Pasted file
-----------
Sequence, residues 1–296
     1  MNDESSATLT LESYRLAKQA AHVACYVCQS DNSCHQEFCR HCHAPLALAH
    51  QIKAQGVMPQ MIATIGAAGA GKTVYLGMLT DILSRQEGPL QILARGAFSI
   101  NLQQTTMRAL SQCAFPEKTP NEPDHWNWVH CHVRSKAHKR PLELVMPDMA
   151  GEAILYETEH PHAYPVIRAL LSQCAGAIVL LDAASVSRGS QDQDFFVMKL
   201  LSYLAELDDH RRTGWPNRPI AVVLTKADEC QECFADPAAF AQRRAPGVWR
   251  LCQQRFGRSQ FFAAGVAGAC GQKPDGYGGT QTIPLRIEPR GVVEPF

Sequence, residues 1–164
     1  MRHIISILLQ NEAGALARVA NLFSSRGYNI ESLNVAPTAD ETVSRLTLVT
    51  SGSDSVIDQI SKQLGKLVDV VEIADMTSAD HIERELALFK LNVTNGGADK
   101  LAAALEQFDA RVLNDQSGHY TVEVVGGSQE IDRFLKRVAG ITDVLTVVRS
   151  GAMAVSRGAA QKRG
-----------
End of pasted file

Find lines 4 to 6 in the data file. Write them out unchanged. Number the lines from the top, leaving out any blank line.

   101  NLQQTTMRAL SQCAFPEKTP NEPDHWNWVH CHVRSKAHKR PLELVMPDMA
   151  GEAILYETEH PHAYPVIRAL LSQCAGAIVL LDAASVSRGS QDQDFFVMKL
   201  LSYLAELDDH RRTGWPNRPI AVVLTKADEC QECFADPAAF AQRRAPGVWR